Stocks and bond yields sink as growth fears set in

By Patrick Graham

LONDON, Jul 6 : Fear of instability in the European Union and of decades of global stagnation sent stock markets sharply lower on Wednesday as Britain’s pound sank below $1.30 for the first time in more than three decades.

After a steadier few days as investors digested the shock of Britain’s decision to leave the European Union, the implications of another round of financial losses, interest rate cuts and central bank money-printing to prop up growth have begun to set in.

Japanese and Korean markets led Asia lower, falling by 1.8 percent. Indexes in Frankfurt, London and Paris all sank by around 2 percent and the European banking index – a major focus of concern this year – by as much as 2.7 percent.

Wall Street was set to open at least half a percent lower.

Sovereign bond yields were lower across the board.

Government debt in Germany now returns less than nothing for the next 15 years, essentially suggesting that there will be no inflation or economic growth in that period.

In Switzerland, yields are at zero for the next half century.

“We’ve seen strong selling interest across the board this week,” said Michael Hewson, Chief Market Analyst at CMC Markets in London.

“While some have speculated that some ‘Leave’ voters may have undergone some form of buyer’s remorse, it would seem that the same could also be said of the investors who took part in last week’s stock market rebound.” The suspension of a handful of property funds, a reflection of concerns that Britain’s real estate market could sink in the face of a Brexit, has been the trigger for a new wave of selling of the pound and UK assets.

A huge, 7 percent of national output, current account gap, makes Britain and the pound highly vulnerable to any halt in the investment that has flooded into London property markets from Russian and Chinese investors in recent years.

Money markets are also now pricing in a good chance of a cut in one or more of the Bank of England’s official interest rates to zero within the next three months. Sterling fell as low as $1.2798 in Asian trading before recovering to $1.2986.

“The next catalyst for a sterling sell-off could come from the Bank of England next week,” wrote BNP Paribas strategists in a research note.

“The market is still likely under-pricing BoE easing, with our economists forecasting a 25 basis point rate cut next week followed by a 25 basis point cut at the August meeting and 100 billion pounds’ worth of quantitative easing, including corporate bonds, to be announced by the November meeting.” YUAN DOWN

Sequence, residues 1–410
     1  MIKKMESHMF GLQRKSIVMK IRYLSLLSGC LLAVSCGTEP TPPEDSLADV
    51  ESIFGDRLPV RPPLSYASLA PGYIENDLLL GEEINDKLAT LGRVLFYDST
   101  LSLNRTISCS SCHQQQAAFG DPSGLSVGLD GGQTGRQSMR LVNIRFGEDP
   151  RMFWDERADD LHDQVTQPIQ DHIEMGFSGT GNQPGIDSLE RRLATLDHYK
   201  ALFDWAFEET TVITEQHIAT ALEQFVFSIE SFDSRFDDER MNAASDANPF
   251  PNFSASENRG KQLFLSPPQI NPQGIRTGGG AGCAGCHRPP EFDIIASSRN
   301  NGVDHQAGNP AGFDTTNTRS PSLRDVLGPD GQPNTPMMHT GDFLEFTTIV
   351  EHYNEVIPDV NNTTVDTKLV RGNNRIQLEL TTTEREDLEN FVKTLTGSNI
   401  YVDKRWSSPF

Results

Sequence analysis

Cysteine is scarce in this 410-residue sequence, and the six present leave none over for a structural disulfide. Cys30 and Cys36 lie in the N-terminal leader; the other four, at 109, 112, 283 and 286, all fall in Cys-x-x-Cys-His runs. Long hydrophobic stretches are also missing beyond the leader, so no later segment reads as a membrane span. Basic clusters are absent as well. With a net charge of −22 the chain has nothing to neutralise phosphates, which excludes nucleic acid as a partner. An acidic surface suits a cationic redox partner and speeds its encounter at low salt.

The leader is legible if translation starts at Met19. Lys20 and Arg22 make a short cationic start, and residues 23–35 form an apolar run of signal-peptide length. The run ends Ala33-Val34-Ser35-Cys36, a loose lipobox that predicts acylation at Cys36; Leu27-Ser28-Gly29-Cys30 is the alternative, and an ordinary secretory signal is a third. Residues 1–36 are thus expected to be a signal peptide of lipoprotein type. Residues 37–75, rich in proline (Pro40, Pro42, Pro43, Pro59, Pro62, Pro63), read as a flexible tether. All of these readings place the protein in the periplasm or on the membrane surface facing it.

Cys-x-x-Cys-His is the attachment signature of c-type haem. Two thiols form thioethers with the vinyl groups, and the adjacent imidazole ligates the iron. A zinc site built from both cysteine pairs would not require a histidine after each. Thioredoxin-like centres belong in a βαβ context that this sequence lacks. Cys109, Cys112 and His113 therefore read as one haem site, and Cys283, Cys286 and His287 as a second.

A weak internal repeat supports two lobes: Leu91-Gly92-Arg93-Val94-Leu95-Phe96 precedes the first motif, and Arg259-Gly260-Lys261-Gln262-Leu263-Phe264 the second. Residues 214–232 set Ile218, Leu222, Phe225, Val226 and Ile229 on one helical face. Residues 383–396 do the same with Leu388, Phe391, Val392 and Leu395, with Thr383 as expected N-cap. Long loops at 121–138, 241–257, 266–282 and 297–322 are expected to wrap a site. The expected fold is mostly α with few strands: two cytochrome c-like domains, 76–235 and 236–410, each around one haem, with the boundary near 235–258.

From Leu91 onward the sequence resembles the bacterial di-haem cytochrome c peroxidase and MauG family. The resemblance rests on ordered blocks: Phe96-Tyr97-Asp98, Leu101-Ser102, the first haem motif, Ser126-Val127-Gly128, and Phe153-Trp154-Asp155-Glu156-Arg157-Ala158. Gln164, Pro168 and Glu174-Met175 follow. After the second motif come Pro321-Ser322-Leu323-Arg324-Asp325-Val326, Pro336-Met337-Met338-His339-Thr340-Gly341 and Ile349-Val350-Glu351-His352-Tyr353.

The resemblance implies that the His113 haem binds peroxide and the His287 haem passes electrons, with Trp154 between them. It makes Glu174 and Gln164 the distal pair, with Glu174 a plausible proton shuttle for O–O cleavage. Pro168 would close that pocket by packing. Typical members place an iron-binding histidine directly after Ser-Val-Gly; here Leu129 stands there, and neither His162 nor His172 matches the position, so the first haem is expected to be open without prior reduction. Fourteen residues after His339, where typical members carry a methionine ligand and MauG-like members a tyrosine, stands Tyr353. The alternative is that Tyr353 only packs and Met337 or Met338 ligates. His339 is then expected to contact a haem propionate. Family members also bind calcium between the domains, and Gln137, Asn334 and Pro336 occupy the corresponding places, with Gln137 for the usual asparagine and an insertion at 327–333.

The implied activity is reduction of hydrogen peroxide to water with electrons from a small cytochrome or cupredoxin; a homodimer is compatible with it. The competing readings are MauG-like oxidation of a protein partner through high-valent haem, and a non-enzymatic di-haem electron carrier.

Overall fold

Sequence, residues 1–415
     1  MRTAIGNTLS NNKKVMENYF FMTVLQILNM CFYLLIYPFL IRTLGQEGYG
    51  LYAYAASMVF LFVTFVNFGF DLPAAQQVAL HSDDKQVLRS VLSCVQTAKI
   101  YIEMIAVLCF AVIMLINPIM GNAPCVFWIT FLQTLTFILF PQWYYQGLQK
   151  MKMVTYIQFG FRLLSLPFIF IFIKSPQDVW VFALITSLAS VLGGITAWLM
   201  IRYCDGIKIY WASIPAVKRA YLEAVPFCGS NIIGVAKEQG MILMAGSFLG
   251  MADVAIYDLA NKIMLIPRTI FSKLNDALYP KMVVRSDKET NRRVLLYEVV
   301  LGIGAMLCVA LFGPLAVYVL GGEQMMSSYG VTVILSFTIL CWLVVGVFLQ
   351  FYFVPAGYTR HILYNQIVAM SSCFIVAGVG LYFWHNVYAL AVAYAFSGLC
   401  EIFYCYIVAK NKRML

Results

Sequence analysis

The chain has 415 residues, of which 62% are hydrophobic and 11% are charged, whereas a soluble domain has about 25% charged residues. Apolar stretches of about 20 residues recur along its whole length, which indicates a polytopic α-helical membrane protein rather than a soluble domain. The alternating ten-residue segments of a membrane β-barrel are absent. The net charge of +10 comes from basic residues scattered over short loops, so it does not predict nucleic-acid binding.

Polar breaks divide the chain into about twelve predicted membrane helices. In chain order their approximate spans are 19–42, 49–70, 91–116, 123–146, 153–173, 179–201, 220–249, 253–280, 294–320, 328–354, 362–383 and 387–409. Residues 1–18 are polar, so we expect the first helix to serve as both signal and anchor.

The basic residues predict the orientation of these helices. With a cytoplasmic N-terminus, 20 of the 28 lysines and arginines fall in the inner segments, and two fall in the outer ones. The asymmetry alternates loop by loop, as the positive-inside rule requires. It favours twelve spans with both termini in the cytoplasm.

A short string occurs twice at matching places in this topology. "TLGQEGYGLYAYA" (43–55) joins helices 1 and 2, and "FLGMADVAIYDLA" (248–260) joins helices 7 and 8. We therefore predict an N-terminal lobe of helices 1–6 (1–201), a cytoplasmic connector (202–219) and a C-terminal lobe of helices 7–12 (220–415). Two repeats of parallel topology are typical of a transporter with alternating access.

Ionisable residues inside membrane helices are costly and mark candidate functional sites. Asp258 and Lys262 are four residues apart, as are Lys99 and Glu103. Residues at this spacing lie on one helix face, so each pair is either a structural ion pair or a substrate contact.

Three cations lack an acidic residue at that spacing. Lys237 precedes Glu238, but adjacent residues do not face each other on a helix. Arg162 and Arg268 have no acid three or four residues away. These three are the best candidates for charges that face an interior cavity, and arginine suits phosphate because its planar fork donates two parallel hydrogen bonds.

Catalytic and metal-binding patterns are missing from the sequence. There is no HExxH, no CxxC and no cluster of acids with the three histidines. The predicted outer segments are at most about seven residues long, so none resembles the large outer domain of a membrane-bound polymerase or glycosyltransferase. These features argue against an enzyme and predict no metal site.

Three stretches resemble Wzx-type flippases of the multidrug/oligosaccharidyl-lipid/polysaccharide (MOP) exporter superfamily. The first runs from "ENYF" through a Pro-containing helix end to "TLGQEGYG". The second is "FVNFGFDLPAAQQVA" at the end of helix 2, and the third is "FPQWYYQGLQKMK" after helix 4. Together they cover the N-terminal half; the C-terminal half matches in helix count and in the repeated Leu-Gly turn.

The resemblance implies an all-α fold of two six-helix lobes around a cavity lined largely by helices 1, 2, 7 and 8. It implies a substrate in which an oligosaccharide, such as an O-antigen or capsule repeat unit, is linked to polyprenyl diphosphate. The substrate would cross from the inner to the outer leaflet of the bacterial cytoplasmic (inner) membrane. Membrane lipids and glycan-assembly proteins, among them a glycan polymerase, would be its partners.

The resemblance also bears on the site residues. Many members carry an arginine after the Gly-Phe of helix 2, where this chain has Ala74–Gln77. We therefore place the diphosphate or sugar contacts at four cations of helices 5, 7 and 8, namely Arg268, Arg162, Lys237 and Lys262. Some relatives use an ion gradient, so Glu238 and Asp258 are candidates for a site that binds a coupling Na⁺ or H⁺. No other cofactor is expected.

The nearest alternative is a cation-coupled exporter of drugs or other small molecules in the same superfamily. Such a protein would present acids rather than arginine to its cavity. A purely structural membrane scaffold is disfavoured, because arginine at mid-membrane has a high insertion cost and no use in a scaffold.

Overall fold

The assumption of many in markets over the past week has been that promises of easier policy by central banks in the weeks ahead would support markets, but commodities prices are showing little sign of that optimism.

Having shed near 5 percent on Tuesday, Brent crude oil fell another 1.5 percent to $47.22, with U.S. crude at $46.01 a barrel. Copper prices fell 1.9 percent.

The bond market reaction is the clearest signal of how investors are now interpreting the economic hit from Brexit – yet another shock to a vulnerable global economy, another wave of central bank easing and possibly the starting gun for a new round of currency, tax and even trade wars.

China, which has been steadily weakening the yuan while eyes are fixed on Europe, allowed the value of its currency against the dollar to fall to another 5-1/2 year low overnight.

That helped Shanghai’s stock market remain in positive territory.

In Europe the big concern is how banks will cope with yet lower interest rates and writedowns in the value of assets they hold, as well as a new blow to growth that might cool borrowing and threaten more loan defaults.

Italy’s bank sector index has fallen 30 percent since Britain voted on June 23 to quit the European Union, bringing its losses so far this year to 57 percent. The euro zone banking stocks index has dropped 22 percent and 37 percent respectively.

“Italy faces a severe crisis that is exponential. This is not gradual and not linear,” said Francesco Galietti, head of the Policy Sonar risk consultancy and a former finance ministry official. “The immediate trigger is the banking crisis.”

/Reuters

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